Color Blind: The Unwanted Lines of Division – Mayweather Jr. vs. Alvarez
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Color Blind: The Unwanted Lines of Division – Mayweather Jr. vs. Alvarez
By Jason Petock, Doghouse Boxing (Sept 16, 2013)

Floyd Mayweather vs. Saul Alvarez
(Photo © German Villasenor, Doghouse Boxing Inc.)
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Saturday night fared well among loyal boxing purists and fair weather fans as an exciting and exhilarating evening of professional boxing at the MGM Grand in Las Vegas, Nevada. Floyd “Money” Mayweather, Jr. (45-0 / 26 KOs) defended his reigning throne against rising Mexican mainstay and boxing sensation Saul “Canelo” Alvarez (42-1-1 / 30 KOs) over the course of 12 action packed and ebb and flow type rounds of pugilistic perfection. Tensions were elevated as the boxing media and pundits speculated for months on end as to what the eventual outcome would be. Some predicted a late TKO victory by the crafty veteran Mayweather, Jr. Others pontificated that Alvarez would overpower the aging legend and send him into boxing retirement oblivion with a spectacular KO destruction that would send all doubters and naysayers reeling in disbelief. Needless to say, the finale of Mayweather, Jr. vs. Alvarez on Mexican Independence Day weekend, or Fiesta weekend as it is commonly known as, was anything but typical or expected. With all of the drama and sensationalism that is to be expected surrounding a professional caliber prizefight of this magnitude, the clash between the aging tactician and the rising young star played out not according to script but the complete opposite in fact.

Mayweather Jr.’s latest endeavor was to further secure the WBC Light Middleweight and WBA Super World Light Middleweight titles respectively. Over the course of 12 awe inspiring and at times breathtaking rounds, fans were subjected to looks that they are normally not accustomed to seeing when witnessing “Money” in action. Of course there was the signature shoulder roll, the counterpunching and the at times “running” or footwork. But this time was different. The crowds who normally yelled in unison for Floyd’s unanimous domination of an opponent were silenced all at once. There was a definitive question mark this time in the equation and that question mark came in the form of Saul “Canelo” Alvarez. The young Mexican superstar came to fight and to not only not give up rounds but look good in doing so and even pose a significant challenge to the Mayweather camp and boxing attitudes and opinions in general. If you have already seen the bout then you know that Floyd Mayweather, Jr. defeated Saul Alvarez by MD in 12 rounds with the scores of 112 – 116, 114 – 114, and 111- 116 respectively. Honestly, a case could be made against the 111 – 116 and 112 – 116 scores.

“Pretty” Boy was in typical form but his domination and clear cut victory was not to be found against the younger Alvarez. Credit where credit is due of course, he won the fight according to the judges. Even the most casual of fans could see that Mayweather, Jr. stuck to his game plan and stayed on the stick (jab) all night. His jab was precise and on the mark and found Alvarez when it needed to. Also present were Mayweather, Jr.’s legs, which he used to his advantage as he got onto his bicycle with adeptness and the typical form that we are used to seeing from the cagey ring veteran. Always moving and avoiding the work of his opponent, Floyd once again avoided Alvarez like the plague and in doing so squeaked by with a victory that might leave some more hardened and educated boxing fans with a few more questions after the smoke has cleared. Floyd “Money” Mayweather, Jr. won that is clear. But it was not a landslide performance in any way, shape, or form and for anyone to say otherwise or say that such an observation is a case of “hating” or not wanting Mayweather, Jr. to come out on top not only do themselves a disservice but also the sport of boxing as a whole.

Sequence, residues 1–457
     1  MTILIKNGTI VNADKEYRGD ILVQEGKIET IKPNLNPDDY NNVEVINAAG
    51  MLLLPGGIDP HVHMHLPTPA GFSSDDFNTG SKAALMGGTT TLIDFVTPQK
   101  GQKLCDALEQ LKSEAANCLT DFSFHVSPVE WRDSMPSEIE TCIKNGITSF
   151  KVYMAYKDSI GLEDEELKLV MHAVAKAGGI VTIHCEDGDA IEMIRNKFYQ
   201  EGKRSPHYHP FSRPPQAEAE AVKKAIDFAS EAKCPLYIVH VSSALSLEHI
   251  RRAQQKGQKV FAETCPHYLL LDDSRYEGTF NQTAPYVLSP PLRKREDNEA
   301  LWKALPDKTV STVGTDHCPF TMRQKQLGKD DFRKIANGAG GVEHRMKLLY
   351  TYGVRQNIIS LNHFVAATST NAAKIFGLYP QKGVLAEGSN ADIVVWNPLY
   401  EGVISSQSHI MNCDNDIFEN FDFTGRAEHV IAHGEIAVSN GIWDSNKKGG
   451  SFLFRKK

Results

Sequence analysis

To “Canelo” Alvarez’s credit his body work against Floyd was impressive, as was his counterpunching and jabs. The media would have you believe that “Money” destroyed and dominated Saul from ring post to ring post, but the more knowledgeable of us know the difference and know what we saw in the squared circle on Saturday night. As stated before we all know Floyd won. That’s a given and Alvarez would have had to get a knockout to defeat Jr. in Vegas, that’s to be assured. Yet what fans became privy to on Mexican Independence Day weekend was a Floyd Mayweather, Jr. that none of us have experienced before. A fighter who can be countered, can be touched to the body, and can be vulnerable. The “Superman” that endless crowds or devoted TMT cronies have grown to love or worship is still there but there seems to be a chink in the armor. The man is an accomplished boxer but in his latest outing there have been a few things that have come to light. The blueprint that Mayweather, Jr. says isn’t there or isn’t effective does in fact exist and a trained eye can see it from a mile away as clear as day.

As my wife, son and I watched the Mayweather, Jr. vs. Alvarez debacle unfold before our very eyes at a Mexican restaurant with the beer flowing and delicious Mexican food filling the patron’s bellies to the brim, I thought to myself that there is no better place I wanted to be but there at that very moment engaged in the total experience of two fighters going toe-to-toe against one another in a war of attrition for our very entertainment. Taking part in what was believed to be the “Super fight” of our time, but what proved to be far different in retrospect, I felt comfortable and still do in knowing what I saw and leaving with the feelings that I have about what transpired. I hold no bias or ill-will or judgment against either side or the outcome for that matter, although I know what I saw as I said and have to be honest in my observations and opinions. If not I would be no better than the “yes” men that saturate the networks and newspapers and online media daily, the same people who pollute your very views and tell you what to think, feel and be all the time.